How to Remove the Membrane (Silverskin) On Ribs

Written in 2024
by Adam

    Ribs are sold with or without the membranes. So, if you're buying ribs, ask your butcher if the membrane is still on the ribs or if it's been removed. In case you forget to ask, you will need to open the package to see if it is still attached.

    Removing the membrane is a personal preference and some people like to keep it on, but if you're one of those folks who hate the leathery texture, we'll guide you on how to remove it before or after cooking your ribs.

    What is The Membrane (Silverskin)?

    The membrane is a tissue attached to the underside of pork ribs where the bone side is.

    It can be found on all meats, but we only remove it from beef ribs, baby back ribs, spareribs and lamb tenderloin ribs.

    The peritoneum is the scientific name for the lining of the abdominal cavity (the ribs) and the covering of the abdominal organs.

    Do You Need To Remove The Membrane From The Ribs

    Whether you want to remove the membrane of your ribs is a preference. Some people like to leave it on, while others remove it.

    It's usually only removed from meat that is cooked by dry heat methods such as grilling or smoking, but not always. In fact, some folks will take it off and cook the ribs using a wet method such as braising them in liquid in a slow cooker, steaming them with a beer in an oven bag, or cooking them foil-wrapped tightly next to the sauce.

    There are two main reasons why people prefer to remove it

    • Many people don't like the texture because it makes the meat hard to chew. This membrane does not soften when cooked, unlike the cartilage and other connective tissue between and surrounding the ribs.
    • The meat tastes better with the silverskin removed. If left attached, the membrane will keep the ribs from properly absorbing the smokey flavour if you are cooking them on a grill or smoker. It also creates a barrier between your spices (such as a dry rub) and the meat, preventing tastes from penetrating the meat.

    Another reason why you might want to remove it is to make your rack of ribs more presentable and easier to cut through. Let's say you're going to slice up your ribs into individual bones or sections before serving - either for dinner or at a momentous occasion where you'll want all the guests to have one rib each - then this membrane can get in the way of a pleasing presentation. The membrane appears black when cooked, and it's been said that it looks like a snakeskin.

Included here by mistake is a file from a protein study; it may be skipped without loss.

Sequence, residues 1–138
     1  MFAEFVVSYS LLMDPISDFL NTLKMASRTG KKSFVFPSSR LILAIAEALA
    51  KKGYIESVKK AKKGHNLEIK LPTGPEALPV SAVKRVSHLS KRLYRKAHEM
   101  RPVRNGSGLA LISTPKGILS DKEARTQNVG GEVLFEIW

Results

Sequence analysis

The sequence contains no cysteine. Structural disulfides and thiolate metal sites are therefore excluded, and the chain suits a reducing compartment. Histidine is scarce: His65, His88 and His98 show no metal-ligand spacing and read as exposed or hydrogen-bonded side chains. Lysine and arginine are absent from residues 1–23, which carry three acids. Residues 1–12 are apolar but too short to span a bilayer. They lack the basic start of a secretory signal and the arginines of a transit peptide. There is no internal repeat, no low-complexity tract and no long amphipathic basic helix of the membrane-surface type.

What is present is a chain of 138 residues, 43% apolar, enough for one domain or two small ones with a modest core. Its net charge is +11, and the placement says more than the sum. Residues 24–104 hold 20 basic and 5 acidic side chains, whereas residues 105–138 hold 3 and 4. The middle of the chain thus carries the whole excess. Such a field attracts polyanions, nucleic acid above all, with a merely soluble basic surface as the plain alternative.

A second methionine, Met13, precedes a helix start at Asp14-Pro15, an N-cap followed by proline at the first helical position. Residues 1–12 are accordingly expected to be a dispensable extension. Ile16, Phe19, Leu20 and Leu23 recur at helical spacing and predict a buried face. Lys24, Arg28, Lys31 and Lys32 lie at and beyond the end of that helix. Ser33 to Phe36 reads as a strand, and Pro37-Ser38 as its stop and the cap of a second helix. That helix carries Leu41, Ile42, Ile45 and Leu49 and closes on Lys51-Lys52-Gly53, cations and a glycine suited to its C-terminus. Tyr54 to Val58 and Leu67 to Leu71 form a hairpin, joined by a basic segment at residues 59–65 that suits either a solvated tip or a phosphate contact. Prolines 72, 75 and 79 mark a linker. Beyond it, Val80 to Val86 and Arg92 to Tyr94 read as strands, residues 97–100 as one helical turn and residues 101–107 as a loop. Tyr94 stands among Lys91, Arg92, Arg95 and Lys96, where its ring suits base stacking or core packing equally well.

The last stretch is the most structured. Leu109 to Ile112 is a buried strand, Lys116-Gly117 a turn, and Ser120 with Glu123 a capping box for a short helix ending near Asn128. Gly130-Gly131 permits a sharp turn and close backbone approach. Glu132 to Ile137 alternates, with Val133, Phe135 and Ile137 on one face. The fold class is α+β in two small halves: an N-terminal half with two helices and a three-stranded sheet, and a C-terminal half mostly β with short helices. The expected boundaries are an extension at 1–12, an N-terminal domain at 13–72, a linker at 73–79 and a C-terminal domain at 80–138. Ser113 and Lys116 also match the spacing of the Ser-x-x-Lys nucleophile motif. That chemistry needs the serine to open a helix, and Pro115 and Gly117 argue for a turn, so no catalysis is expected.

How To Remove The Membrane(Silverskin) Before Cooking

    1. Check for the membrane.

    To find the membrane, you need to flip the ribs over so that they are curled toward you. You'll see a thin, almost transparent layer of white tissue attached.

    2. Dry your ribs

    Make sure your ribs are dry: You definitely don't want them damp or wet when you remove the membrane because it will make things slippery. Pat them dry with paper towels.

    3. Loosen the membrane

    Look for the thickest part of the membrane at the corner end of the rack, slide a dinner knife under the membrane and over a bone to loosen it. If it won't loosen, or you accidentally slice through the membrane, just try a different spot.

    With the knife, lift and loosen it till you can get a good grasp of the membrane

    4. Pull and peel the membrane

    The best way we've found is to peel it off using a paper towel for grip and resistance against your hand, or you can use catfish skinning pliers. Pull towards your ribcage, not away from your body - this helps prevent detaching part of the fat cap, which can ruin an otherwise perfect rack of ribs.

    5. Remove the membrane from 1 side, then flip and remove it on the other side

    We repeat this process for the opposite corner, pulling it back towards us and peeling it off gently and evenly on both sides.